Craft: Naomi Nakazato

Get to know the GCCA Brandon Fellowship recipient Naomi Nakazato before she heads to graduate school at the New York Academy. See how she got her start in art, where her influences come from and how the GCCA and the Greenville arts scene helped her get where she is today.

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The Greenville Center for Creative Arts (GCCA), housed in the Village of West Greenville’s Brandon Mill, is propelling diversity in Greenville’s art community. One of the many ways GCCA is doing this is by awarding a yearly Brandon Fellowship to support local artists. The fellowship provides a university-style studio space and a stipend for art supplies to local promising artists.

Naomi Nakazato is a 2015-2016 recipient of the Brandon Fellowship. She graduated from Anderson University with a focus in painting and drawing and will begin graduate school in September at the New York Academy. We sat down with her to hear how she got started, how GCCA propelled her career and her perspective on the arts community in Greenville.

 

When did your interest in art start?

I grew up in D.C., and my mom was a public school teacher, so she was very invested in my art education. We would do trips to museums and she would enroll me in art classes.

The actual formal education started at Anderson University. I did painting and drawing there and graduated in 2014.

 

When did you decide that you could make your art a career?

My second year of art in college in my painting one class. I wanted to be a graphic designer at first, because I thought that’s how you make it a career, and I saw that more as illustration than just moving text around. My professor introduced the idea of sharing work that you thought was invaluable to contemporary art and why you liked it, and I realized at that point it might not be something immediately attainable but something to strive for.

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What were you sharing?

For that assignment we would find photos and images of art in America or art magazines. Painting is becoming this disappearing part of contemporary art, but it’s starting to come back, and I find that really interesting. My influencers are other painters — you have the same problem of mastering paint as a medium, and painting is how you solve that in your own artistic way. I really like Jenny Morgan and Chloe Wise. Artists with a sense of humor — I don’t think you should take things too seriously. I get tired of traditions that say this is what art should be, because painting has such a rich history and I’m just waiting to see it be reinvented.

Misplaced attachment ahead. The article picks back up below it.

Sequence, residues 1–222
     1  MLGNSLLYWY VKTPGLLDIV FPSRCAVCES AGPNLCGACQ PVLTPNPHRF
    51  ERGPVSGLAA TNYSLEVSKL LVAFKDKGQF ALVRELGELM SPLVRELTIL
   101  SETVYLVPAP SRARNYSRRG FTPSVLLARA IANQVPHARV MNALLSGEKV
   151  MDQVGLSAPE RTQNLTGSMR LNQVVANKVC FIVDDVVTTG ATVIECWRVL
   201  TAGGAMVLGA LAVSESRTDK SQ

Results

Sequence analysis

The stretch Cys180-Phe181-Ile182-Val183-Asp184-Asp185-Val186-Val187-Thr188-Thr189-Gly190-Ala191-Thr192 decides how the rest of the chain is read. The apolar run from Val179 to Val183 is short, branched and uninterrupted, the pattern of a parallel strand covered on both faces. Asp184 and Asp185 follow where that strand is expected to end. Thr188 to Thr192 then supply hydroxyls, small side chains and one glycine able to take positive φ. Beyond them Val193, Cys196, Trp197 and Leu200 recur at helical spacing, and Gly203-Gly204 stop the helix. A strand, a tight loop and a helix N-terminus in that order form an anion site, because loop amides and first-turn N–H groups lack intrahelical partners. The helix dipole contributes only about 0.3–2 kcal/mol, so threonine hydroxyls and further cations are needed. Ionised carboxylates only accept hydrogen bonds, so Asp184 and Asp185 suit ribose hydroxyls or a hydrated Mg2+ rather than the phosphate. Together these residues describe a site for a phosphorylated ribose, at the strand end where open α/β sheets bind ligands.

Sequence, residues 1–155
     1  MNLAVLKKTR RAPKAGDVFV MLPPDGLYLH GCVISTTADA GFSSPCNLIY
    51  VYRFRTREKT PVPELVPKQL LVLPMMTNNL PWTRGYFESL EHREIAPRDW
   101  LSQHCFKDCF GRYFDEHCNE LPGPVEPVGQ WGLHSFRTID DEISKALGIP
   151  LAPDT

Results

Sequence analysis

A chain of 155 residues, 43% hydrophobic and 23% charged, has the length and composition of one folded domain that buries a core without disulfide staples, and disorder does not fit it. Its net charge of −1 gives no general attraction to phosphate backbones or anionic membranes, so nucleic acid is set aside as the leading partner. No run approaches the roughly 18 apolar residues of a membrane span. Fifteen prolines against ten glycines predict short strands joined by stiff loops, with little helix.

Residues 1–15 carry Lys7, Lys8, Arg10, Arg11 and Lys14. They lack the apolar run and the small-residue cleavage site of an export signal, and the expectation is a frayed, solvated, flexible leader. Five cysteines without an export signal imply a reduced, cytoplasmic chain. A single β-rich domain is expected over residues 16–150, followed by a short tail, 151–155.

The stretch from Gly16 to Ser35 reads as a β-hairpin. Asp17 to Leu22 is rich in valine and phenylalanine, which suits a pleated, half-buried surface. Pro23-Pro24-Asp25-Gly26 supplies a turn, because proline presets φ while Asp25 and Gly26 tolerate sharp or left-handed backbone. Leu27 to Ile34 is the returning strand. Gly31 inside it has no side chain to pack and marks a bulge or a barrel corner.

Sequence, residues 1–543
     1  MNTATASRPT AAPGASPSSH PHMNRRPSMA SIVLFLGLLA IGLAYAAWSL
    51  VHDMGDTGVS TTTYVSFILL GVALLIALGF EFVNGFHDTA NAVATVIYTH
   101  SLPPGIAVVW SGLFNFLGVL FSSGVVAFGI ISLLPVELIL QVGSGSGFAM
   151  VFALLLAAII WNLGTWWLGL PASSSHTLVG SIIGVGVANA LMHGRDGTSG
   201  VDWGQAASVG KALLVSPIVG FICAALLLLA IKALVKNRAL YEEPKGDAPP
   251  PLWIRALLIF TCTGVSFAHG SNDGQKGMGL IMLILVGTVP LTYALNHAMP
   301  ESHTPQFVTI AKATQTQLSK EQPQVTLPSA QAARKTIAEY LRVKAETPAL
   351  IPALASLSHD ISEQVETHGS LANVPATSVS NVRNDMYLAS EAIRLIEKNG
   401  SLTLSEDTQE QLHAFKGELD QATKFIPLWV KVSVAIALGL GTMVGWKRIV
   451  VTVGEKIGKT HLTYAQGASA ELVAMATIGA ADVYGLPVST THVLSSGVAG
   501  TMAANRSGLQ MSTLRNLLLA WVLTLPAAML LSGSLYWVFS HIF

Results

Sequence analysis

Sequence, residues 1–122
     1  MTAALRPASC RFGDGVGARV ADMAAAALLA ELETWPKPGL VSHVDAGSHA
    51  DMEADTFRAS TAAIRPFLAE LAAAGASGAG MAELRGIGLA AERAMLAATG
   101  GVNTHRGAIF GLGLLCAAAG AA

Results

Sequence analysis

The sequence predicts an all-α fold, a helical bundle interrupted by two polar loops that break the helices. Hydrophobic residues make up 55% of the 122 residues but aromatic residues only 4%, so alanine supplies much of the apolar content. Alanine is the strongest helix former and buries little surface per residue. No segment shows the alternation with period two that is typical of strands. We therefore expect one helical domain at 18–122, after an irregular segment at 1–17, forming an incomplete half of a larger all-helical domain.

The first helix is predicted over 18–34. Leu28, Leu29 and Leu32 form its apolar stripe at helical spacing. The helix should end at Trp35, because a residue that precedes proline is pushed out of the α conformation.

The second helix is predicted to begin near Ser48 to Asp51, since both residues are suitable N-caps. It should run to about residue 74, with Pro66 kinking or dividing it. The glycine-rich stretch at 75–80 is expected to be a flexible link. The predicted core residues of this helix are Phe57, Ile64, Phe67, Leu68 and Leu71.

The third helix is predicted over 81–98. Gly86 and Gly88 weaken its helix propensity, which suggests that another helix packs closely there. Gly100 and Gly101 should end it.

There is a heavy cultural influence in your work; tell us a little bit about that.

I’m half Japanese, and that’s the premise of all my work: life as a biracial person. Experiencing growing up and having an absence of heritage and those experiences. Every time I go to Japan, I’m always learning more about myself. Recently my sculptural work and installation work has been based on the idea of memories and how at then end of the day they don’t belong to you. You have a memory and you can contain it, but the more you try to pressure it to be what you think it should be, the more contrived and fake it feels. I like to work with plastics and artificial materials — it’s cheap but holds personal value. Once I contain those objects and put them together, I then sell the piece. It’s kind of like letting go of those memories. It’s not that they don’t exist, it’s that I’m letting go of control of them.

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How did you hear about the Brandon Fellowship?

I heard about it through a professor who suggested I apply and again from someone that works here. Hearing it from both people really reinforced it. Once I was accepted, everything kind of fell into place. I applied for the position of program director at Belton Center of the Arts and having this fellowship helped me get that job. After being here a few months, I applied to graduate school and got in. It feels like all of that happened because of this fellowship.

 

How has GCCA propelled your career?

Before I was here, I was in a home studio. I moved back to D.C., and the arts scene there seemed dated and didn’t have the same energy as Greenville. Greenville is almost like an incubator and everything goes. I moved back because I had connections here. Being exposed to a lot of different people helps — being exposed to the art market, being around people who have a lot of knowledge of art and people who don’t have really helped me with describing my work to other people. I want to use my art for communicating and sharing my experiences.

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How does Greenville help you foster your art?

It’s so helpful. GCCA is such a nurturing environment. If I want to pose an idea, there is a large enough space and people that they all encourage you to try it out. The neighborhood and the Greenville arts community feel very new, but it’s also well established.

I felt really young when I first moved here, but there’s the Governor’s School and the Fine Arts Center, which are such great outlets and what make Greenville such a great arts community that’s moving missing from other areas.

 

 

The Brandon Fellowship Exhibition is Friday, Aug. 5, at the GCCA, where you can see more of Nakazato’s work and the other Brandon Fellowship recipients. GCCA is currently accepting applications for the 2016-2017 Fellowship through Sept. 16. For more information, visit artcentergreenville.org.

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